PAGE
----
ATV Front Brake Caliper Rebuild — TRX400EX |

Hi, John Talley here with Today
we’re going to be working on our 2007 Honda TRX400EX, specifically the brake calipers.
What we’re looking at is this front right one has developed a leak and it’s not coming
from the hose so that tells me it’s probably the seals on the inside. So what we’re gonna
do is remove the caliper, pull it apart, take a look at the bore and the seals and the piston
to see if we can rebuild this one with a new set of seals or if the entire thing needs
to be replaced. So let’s get started. Ok, step number one is to go ahead and drain the
system of all the brake fluid that’s in there, which I’ve already done. Fairly simple procedure;
get your length of hose, put it on the bleeder valve, open up the valve, and just start pumping
away. We’re just trying to get all the fluid out of it. Makes it a lot easier when you’re
ready to pull it apart. Otherwise, everything gets slippery and it’s not a lot of fun to
deal with. Alright, step number one, or two as it is, is to go ahead and remove the caps
that cover up the pins that the brake pads ride on inside the caliper. Under the caps
are going to be a couple of 5mm allens, and the reason I’m doing it out here is the carrier
holds the caliper in place instead of trying to do this on the teardown bench, which can
be a littlet awkward. You don’t want to pull the pins all the way out. Just go to the edge
of the threads, but leave them in there. Next you want to pull this little dust cover for
the slider pin. And it is a 6mm allen. Same thing, you just want to back it out but don’t
remove it all the way. About right there. Next, we want to go ahead and remove the output
hose which runs up to our master cylinder with a 12mm wrench. That’s actually a banjo
bolt. You want to be careful not to lose the two crush washers that are here and here.
Alright, last but not least, we want to remove the two 12mm bolts that attach the bracket
to the hub. And once we get those two out, we can take it over to our teardown bench
and I’ll show you how to remove the piston and we’ll take a look at the bore and the
seals to see if it can be rebuilt or replaced. A couple more turns…
and then off she comes. So let’s head over
to the teardown bench. Alright, now that we’ve got it off the machine, here’s what I was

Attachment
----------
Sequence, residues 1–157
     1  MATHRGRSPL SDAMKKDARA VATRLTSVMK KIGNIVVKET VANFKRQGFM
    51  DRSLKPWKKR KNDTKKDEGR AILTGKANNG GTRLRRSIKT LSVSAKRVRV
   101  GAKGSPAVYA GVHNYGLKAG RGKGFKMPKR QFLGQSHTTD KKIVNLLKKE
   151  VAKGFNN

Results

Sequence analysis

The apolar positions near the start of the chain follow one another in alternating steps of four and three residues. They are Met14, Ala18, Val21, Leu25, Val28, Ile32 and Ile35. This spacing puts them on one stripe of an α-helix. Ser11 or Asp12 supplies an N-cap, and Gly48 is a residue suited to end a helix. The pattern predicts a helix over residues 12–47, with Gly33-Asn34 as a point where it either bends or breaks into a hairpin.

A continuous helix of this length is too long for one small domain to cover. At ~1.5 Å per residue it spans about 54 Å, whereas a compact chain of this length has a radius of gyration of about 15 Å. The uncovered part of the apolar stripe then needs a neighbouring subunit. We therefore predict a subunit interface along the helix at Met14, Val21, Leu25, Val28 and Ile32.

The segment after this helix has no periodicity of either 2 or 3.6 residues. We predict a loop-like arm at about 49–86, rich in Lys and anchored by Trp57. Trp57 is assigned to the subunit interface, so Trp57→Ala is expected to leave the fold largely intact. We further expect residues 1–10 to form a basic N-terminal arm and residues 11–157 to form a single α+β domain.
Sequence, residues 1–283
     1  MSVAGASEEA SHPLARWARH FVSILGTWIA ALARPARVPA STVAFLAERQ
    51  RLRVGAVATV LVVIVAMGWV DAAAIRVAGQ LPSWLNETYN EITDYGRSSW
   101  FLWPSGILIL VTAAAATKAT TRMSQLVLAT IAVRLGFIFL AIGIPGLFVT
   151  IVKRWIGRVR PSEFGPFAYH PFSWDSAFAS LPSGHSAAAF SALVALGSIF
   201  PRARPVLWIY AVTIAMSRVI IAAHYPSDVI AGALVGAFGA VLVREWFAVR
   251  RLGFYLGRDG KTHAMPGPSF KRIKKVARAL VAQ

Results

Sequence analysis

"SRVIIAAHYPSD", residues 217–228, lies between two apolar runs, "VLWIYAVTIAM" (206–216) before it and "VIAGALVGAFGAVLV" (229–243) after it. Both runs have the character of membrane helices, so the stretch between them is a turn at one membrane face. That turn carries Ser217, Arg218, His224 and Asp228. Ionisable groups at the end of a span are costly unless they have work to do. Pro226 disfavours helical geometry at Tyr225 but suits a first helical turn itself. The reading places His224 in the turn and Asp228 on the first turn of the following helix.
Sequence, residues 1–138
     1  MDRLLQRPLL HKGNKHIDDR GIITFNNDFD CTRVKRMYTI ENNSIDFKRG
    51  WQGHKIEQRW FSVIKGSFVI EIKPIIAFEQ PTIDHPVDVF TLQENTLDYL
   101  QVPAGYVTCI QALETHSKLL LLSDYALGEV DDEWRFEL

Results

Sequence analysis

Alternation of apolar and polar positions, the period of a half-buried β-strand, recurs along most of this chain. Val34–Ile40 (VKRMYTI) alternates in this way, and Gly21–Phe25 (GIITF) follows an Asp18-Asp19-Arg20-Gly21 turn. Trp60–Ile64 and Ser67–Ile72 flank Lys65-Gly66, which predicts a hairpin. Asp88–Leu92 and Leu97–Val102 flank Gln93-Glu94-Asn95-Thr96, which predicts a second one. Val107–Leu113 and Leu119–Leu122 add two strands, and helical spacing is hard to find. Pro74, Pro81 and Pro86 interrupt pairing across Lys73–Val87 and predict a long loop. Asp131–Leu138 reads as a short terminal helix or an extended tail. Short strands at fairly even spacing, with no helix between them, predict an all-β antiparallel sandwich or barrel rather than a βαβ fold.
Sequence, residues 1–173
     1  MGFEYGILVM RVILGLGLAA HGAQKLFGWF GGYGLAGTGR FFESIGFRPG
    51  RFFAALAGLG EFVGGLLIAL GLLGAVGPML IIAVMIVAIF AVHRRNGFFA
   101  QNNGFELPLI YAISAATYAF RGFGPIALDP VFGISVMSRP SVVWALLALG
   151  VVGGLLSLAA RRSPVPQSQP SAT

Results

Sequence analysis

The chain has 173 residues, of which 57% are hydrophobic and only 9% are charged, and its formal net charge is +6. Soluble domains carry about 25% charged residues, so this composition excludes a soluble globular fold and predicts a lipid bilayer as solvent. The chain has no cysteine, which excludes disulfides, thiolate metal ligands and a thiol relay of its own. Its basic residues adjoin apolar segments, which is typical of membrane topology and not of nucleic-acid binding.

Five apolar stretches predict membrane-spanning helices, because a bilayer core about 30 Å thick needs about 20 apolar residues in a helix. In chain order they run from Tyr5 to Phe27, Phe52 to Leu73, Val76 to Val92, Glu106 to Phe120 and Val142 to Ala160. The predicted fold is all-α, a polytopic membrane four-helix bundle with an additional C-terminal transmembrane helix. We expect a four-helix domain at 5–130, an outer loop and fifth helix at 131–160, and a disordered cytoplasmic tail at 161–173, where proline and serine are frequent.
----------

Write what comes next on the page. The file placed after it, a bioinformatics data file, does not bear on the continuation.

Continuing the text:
talking about:that slider pin was right here and now we’ve got it disconnected so all we
need to do is rotate the bracket up and then just slide it out. Alright, our other pins
are loose so we can push down and remove them. Now we can remove the brake pads. And that
exposes our piston inside the caliper. To remove that, what we’re going to do is take
a shop towel and just lay it down in the cavity, like that. Get a little bit of compressed
air, just cups your hands over it. Pow! Doesn’t take much pressure; I didn’t put a whole lot
on that. But that will pop the piston out. And now we need to carefully bring it up because
there isn’t a lot of clearance there. Alright, once it pops out, go ahead and remove your
shop towel and then just wiggle it the rest of the way out. Just like that. Alright, what
you’re going to see inside is an outer dust seal, which we’re going to remove, and then
the inner seal, which holds back all that hydraulic fluid and pressure. Alright, from
here we’re going to go ahead and clean it out, dry it off. Alright, we have the caliper
cleaned out, everything’s looking good, I don’t see any pits in there, so I think we’re
clear to go ahead and replace the seals. Here are the two seals that we’re going to need,
and this is going to be the part number that you’re going to need to contact us about at Fairly simple to do, we’re just going in reverse of what I did earlier.
Want to go ahead and put in the actual caliper seal first, make sure it goes in flush. Don’t
want it to be bound up or rotated in there. That looks good. Next, we just want to get